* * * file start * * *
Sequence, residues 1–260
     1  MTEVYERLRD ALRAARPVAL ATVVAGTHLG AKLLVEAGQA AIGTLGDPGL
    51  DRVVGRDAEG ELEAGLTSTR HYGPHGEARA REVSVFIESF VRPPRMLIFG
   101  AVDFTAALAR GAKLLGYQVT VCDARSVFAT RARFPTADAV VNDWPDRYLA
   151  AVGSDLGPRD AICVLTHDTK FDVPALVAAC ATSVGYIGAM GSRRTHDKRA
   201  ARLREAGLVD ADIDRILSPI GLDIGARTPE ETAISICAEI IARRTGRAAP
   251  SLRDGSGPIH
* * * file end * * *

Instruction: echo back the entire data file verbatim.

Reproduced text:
Sequence, residues 1–260
     1  MTEVYERLRD ALRAARPVAL ATVVAGTHLG AKLLVEAGQA AIGTLGDPGL
    51  DRVVGRDAEG ELEAGLTSTR HYGPHGEARA REVSVFIESF VRPPRMLIFG
   101  AVDFTAALAR GAKLLGYQVT VCDARSVFAT RARFPTADAV VNDWPDRYLA
   151  AVGSDLGPRD AICVLTHDTK FDVPALVAAC ATSVGYIGAM GSRRTHDKRA
   201  ARLREAGLVD ADIDRILSPI GLDIGARTPE ETAISICAEI IARRTGRAAP
   251  SLRDGSGPIH